This recent adventure started in October, since I had to spend time getting my science talk pulled together. And worrying about it on the side, which is a pursuit unto itself. This meant no prep for NaNo this year. I was also giving two different versions of the same talk - one for the science institute I call home, and the other for the Con. And THEN I was also invited to be on a writing panel at the Con. Wow. Fun, but a lot of work to get it all done.
So November started, I traveled to Tucson, gave the firs talk, and then the second. I am very, very happy to say both went well. I received a lot of positive feedback from both talks, and generated a lot of questions and good discussion at the Con. I have to admit I was a little surprised, since I had intentionally taken myself out of my comfort zone and talked about a topic upon which I have done very little study - astrobiology. I'll be posting a review of the material in another blog post. Can't really get the whole feel of the talk down unless I post a youtube performance, and I am definitely not going there. :)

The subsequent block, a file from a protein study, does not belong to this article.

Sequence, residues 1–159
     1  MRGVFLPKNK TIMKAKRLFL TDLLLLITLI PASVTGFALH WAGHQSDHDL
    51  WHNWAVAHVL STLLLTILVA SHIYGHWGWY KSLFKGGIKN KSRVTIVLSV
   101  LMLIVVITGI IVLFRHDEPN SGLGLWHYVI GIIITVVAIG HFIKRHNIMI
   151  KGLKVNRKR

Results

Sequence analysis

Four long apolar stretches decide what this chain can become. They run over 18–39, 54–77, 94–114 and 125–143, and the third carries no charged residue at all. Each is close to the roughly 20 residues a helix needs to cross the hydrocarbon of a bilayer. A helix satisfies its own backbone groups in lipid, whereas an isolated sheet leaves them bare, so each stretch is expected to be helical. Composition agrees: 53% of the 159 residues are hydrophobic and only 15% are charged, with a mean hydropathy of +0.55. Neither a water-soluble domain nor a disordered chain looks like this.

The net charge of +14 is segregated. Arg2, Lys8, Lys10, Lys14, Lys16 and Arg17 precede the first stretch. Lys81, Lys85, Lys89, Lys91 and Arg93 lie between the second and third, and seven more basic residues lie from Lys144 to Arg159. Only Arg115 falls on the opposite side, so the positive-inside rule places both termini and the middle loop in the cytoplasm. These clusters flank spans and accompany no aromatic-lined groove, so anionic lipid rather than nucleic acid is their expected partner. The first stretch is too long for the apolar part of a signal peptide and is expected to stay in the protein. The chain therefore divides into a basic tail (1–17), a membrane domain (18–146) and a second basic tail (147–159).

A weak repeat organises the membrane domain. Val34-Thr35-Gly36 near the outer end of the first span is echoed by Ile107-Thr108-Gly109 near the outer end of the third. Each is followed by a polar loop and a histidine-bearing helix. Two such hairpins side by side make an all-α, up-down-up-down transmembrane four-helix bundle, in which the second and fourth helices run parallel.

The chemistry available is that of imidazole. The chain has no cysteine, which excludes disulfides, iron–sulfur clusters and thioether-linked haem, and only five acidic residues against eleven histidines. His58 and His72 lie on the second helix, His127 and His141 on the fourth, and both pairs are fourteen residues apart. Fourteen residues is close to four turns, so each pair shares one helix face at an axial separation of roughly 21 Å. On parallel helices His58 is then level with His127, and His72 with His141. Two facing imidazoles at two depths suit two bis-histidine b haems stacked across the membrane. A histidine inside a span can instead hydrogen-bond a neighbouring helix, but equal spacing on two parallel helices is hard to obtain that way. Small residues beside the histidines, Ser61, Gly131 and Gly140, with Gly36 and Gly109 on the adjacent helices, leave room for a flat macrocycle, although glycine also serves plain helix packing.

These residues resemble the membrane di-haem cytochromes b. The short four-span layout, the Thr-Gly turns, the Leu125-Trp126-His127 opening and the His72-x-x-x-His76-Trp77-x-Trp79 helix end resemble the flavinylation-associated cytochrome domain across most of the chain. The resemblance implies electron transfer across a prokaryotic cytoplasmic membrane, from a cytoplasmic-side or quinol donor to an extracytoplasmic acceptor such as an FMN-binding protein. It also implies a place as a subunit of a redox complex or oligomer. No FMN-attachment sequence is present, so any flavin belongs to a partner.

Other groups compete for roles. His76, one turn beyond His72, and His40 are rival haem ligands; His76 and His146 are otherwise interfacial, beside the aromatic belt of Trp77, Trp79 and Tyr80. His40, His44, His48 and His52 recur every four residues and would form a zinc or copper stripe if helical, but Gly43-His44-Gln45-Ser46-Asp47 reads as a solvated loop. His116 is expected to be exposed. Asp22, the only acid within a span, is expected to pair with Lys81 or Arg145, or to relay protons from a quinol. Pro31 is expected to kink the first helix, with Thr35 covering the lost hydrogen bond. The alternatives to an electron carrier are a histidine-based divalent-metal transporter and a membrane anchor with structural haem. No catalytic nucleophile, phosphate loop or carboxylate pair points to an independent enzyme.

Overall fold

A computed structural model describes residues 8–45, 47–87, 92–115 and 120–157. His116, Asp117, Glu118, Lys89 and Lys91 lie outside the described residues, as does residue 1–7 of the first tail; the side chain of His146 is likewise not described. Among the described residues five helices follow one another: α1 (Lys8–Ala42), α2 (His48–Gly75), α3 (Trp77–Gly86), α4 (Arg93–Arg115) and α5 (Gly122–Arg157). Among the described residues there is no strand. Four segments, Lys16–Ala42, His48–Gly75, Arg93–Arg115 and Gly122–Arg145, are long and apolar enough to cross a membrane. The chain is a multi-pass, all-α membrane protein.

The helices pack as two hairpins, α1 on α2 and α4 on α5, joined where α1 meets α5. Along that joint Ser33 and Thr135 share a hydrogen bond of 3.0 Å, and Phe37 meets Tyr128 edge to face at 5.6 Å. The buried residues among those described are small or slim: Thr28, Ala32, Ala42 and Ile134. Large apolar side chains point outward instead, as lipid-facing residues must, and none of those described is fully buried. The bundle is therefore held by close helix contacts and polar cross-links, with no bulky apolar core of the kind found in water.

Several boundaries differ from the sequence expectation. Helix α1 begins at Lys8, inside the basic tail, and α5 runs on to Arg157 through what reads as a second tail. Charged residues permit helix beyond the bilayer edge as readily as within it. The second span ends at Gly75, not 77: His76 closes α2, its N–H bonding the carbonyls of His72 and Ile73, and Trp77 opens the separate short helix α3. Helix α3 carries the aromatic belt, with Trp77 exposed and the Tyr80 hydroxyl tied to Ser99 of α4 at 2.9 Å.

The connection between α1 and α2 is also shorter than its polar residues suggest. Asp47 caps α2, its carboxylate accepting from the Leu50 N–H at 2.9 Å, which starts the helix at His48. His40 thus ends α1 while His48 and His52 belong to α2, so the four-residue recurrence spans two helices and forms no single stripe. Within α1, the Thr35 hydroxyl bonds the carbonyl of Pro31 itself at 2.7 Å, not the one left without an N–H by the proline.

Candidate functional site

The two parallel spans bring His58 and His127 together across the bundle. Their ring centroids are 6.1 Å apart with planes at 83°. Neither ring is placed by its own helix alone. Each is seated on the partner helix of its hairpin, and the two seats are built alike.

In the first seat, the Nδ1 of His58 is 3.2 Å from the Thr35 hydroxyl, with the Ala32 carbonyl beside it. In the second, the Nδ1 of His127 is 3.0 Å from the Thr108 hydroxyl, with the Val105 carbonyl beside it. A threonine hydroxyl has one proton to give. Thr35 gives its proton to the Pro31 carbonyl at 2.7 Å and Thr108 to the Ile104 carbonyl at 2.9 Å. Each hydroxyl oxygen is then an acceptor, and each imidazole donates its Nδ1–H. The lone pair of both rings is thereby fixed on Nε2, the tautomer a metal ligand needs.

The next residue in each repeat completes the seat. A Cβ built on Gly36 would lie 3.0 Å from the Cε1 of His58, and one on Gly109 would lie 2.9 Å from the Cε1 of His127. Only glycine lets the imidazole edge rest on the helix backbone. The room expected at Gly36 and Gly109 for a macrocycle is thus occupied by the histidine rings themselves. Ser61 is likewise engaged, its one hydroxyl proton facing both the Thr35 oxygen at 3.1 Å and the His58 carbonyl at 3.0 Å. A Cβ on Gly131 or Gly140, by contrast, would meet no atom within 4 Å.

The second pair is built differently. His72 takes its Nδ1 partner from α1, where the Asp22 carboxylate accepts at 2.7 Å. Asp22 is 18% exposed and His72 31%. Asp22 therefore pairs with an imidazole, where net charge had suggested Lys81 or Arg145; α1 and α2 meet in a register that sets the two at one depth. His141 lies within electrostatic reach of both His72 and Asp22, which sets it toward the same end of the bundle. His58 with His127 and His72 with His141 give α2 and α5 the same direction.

The panel was sort of 'eh'. I enjoyed the panels I attended but the one I was on was too 'combative.' It's the first time I've been a member of a writing panel instead of a science panel, and I was disconcerted by how there was no structure. The panel chair said he would poll the panel with questions, but by the time things would have gotten to me, we were on whole 'nother subject or question. Once or twice I sort of wedged myself into the conversation so I could make a quick comment or two, but for the most part felt unneeded and superfluous. Still, it was a very good experience for me. There always has to be a first writing panel, and it was good to have something of a learning experience. Hopefully next time it will be a smaller panel with a more definite structure. They are probably all very different from one Con to the next, and even one subject to the next.
Certainly giving the science talk was my cup runneth over, so I maybe I should focus my efforts on that area when offering my services at a Con.
And of course, one cannot forget that we have Comet ISON in our skies right now, screaming it's way towards the sun. For the moment, it appears that ISON will survive its close approach with our star. But it is always possible for a comet, especially one like this, to disintegrate completely as it endures both the heat and the flux of particles. It might get quite bright, might stay mostly the same, might disintegrate - it's definitely worth watching to see how things evolve.
More posts to come with details about TusCon, my astrobiology talk, and naturally, NaNoWriMo.
Image Credit: Photographer Michael Jäger via Sky and Telescope Magazine